Successful meals begin long before you address knife to vegetable or pour oil into the sauté pan. Although it can be tedious, I’ve found that menu planning is the foundation of provident eating. When I plan menus I succeed in getting dinner on the table even on time crunch days, thereby avoiding financially and calorically expensive take-out. Menu planning also allows me to consider my own food goals and actually put them into practice. Finally, I find that I waste much less food, thereby saving even more money, when I plan menus.
The most critical element of menu planning has nothing to do with the food itself. This element is scheduling. My husband and I come to a Sunday evening meeting together with our schedules for the coming week in mind. We resolve conflicts and clarify outside obligations. Armed with this information I avoid the disappointment of learning of an evening meeting just as I am preparing to plate a particularly time-intensive dinner. By utilizing this information in my menu planning I can tailor the menus to the variable circumstances of each day and prepare menu components in advance as necessary.
When you know how your day is going to flow you can plan how meal preparation is going to fit into it. If you are going to be busy in the morning but relatively free in the late afternoon you could prepare a meal that requires more attention immediately prior to serving. If you expect to be busier right before dinner hour then a slowly cooking or quick preparation meal may be the best option.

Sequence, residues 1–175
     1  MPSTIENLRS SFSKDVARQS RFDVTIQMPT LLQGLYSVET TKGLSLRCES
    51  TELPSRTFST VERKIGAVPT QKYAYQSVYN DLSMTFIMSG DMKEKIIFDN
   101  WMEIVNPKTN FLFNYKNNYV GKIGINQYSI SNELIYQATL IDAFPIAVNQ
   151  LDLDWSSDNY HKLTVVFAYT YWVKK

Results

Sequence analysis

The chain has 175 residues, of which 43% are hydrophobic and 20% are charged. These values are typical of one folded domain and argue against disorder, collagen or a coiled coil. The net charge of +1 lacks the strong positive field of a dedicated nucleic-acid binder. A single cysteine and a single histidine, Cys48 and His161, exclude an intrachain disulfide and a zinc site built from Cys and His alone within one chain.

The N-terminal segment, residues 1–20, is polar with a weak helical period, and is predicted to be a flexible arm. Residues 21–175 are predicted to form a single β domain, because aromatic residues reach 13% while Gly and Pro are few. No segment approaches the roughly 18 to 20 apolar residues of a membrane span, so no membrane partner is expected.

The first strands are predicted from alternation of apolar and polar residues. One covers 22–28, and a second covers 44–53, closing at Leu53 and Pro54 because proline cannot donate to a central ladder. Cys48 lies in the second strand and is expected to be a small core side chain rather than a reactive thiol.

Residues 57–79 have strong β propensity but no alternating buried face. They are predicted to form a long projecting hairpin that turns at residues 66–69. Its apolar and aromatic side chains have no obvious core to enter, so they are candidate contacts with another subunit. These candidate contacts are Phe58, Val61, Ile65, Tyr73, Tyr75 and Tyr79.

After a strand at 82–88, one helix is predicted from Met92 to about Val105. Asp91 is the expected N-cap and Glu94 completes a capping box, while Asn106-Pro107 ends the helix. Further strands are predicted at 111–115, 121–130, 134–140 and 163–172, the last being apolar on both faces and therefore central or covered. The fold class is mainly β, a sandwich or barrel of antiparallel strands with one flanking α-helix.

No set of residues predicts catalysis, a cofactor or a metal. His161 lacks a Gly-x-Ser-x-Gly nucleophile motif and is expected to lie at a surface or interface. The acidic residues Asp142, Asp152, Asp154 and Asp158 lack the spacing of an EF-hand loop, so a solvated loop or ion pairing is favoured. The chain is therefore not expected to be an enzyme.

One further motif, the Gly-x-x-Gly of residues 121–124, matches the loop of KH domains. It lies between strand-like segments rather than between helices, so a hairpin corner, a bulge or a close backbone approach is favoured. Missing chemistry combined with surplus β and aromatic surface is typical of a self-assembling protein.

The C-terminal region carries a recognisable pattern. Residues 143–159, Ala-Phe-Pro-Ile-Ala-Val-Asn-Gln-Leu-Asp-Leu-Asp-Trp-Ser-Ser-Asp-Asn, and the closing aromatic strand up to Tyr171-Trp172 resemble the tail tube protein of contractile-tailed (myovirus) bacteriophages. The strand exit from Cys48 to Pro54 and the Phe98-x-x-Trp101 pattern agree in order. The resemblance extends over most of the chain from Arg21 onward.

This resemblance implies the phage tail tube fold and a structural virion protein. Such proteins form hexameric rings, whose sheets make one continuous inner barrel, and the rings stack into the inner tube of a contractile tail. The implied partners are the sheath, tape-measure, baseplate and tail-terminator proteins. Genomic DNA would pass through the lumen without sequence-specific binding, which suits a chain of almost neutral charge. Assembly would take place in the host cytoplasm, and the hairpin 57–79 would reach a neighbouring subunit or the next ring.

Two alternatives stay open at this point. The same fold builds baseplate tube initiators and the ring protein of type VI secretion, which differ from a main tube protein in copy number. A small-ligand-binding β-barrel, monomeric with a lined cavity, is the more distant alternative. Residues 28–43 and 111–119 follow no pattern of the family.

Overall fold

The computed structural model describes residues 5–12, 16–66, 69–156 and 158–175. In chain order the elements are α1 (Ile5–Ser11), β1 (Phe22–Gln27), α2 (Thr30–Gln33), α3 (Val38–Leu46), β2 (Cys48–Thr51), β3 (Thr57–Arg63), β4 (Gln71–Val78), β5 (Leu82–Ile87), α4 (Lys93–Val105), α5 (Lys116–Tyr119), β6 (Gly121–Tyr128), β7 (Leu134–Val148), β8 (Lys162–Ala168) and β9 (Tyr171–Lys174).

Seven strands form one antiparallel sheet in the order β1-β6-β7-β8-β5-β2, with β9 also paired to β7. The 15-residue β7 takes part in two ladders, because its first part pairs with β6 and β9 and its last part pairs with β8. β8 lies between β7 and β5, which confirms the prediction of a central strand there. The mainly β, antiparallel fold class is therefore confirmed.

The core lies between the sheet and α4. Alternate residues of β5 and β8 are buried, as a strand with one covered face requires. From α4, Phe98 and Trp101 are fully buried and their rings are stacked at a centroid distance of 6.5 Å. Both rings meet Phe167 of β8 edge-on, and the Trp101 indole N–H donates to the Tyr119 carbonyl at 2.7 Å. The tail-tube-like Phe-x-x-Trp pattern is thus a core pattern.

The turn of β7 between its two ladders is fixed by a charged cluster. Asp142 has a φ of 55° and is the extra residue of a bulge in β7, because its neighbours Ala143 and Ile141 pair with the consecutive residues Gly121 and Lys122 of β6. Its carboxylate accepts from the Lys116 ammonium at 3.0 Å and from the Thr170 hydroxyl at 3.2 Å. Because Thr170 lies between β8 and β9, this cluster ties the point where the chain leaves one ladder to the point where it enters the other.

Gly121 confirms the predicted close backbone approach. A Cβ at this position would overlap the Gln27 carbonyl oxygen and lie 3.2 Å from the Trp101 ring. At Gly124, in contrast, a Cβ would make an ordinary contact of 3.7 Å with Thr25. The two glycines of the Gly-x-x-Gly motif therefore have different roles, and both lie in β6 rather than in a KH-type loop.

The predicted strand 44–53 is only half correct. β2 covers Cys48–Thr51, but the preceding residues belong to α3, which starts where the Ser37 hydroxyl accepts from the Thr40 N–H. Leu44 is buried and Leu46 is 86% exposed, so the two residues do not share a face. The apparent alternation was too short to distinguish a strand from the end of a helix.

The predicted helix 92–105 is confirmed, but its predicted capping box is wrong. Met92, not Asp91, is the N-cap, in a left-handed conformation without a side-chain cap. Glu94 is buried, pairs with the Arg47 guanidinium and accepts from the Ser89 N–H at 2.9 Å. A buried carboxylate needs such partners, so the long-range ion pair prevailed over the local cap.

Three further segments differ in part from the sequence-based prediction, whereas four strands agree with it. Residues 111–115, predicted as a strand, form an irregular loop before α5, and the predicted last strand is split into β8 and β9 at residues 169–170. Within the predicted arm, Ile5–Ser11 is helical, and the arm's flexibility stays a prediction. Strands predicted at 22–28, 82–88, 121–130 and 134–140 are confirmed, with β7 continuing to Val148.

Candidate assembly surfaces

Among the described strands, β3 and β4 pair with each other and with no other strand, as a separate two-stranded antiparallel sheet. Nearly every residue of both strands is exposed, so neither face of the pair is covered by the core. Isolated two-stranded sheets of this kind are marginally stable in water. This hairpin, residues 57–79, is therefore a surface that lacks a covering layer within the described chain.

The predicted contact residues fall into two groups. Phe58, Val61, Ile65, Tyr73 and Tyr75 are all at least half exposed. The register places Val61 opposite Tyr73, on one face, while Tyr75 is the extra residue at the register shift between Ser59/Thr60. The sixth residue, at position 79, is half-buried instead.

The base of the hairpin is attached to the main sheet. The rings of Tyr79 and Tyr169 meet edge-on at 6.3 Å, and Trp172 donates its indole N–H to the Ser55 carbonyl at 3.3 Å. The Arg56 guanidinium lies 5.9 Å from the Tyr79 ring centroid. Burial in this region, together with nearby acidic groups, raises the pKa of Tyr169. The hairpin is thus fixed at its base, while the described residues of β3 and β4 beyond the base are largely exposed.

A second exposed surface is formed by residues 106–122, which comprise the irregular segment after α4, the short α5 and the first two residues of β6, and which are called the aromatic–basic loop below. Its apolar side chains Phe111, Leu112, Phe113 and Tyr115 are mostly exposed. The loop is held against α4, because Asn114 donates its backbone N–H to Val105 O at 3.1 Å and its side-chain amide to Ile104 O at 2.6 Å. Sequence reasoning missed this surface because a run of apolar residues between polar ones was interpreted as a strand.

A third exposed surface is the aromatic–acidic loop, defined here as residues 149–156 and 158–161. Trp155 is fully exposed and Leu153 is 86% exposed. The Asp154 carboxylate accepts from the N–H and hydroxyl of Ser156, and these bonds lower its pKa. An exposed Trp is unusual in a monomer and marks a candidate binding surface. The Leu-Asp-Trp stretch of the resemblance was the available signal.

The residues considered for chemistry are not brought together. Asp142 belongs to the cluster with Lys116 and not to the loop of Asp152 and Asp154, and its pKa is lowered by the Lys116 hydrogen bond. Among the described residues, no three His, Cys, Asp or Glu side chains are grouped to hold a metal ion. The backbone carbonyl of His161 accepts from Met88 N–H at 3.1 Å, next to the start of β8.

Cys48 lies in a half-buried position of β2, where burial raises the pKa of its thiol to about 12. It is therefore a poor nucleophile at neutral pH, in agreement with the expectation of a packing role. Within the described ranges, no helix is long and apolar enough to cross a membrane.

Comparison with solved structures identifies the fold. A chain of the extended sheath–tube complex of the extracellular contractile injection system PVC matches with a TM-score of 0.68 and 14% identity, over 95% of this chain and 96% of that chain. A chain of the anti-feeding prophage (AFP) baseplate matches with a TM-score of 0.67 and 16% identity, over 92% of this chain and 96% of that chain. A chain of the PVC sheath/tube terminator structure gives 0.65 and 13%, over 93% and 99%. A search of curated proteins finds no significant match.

Another benefit to menu planning is that it allows me to thoughtfully plan meals that reflect my own culinary ideology and goals, a difficult task to accomplish on the fly with limited time. Consider your nutritional goals, your honest feelings about food and food production, your budget, and your time; then, incorporate these goals into your weekly plan. For instance, imagine that you have decided to replace one meat-centric meal per week with a vegetarian meal; if you have planned in advance you will be more likely to succeed with this goal.
Planning menus is a great way to encourage yourself to try new foods or recipes that you would likely pass over if you were pressed for time and hungry. If you are trying to include more greens in your diet you could plan to make kale chips one night instead of serving potato chips with the hot dogs. Perhaps the next week you could add a second green, and so on. As far as I am concerned, dietary changes meet with less resistance when you allow yourself to make them gradually.
Finally, planning menus allows you to take advantage of sales, remember important holidays and family anniversaries, and avoid the frustration of missing just one or two ingredients or having excess ingredients languish in your refrigerator.
© Katherine C. Otterstrom, June 2012